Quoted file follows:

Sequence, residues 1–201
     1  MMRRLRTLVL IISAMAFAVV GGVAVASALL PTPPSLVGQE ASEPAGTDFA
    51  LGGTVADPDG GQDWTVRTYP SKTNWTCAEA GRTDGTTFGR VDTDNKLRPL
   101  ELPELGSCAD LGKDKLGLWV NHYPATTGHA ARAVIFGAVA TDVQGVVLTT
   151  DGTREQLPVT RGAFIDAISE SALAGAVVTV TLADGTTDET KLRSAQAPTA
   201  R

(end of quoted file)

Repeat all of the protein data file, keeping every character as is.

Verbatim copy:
Sequence, residues 1–201
     1  MMRRLRTLVL IISAMAFAVV GGVAVASALL PTPPSLVGQE ASEPAGTDFA
    51  LGGTVADPDG GQDWTVRTYP SKTNWTCAEA GRTDGTTFGR VDTDNKLRPL
   101  ELPELGSCAD LGKDKLGLWV NHYPATTGHA ARAVIFGAVA TDVQGVVLTT
   151  DGTREQLPVT RGAFIDAISE SALAGAVVTV TLADGTTDET KLRSAQAPTA
   201  R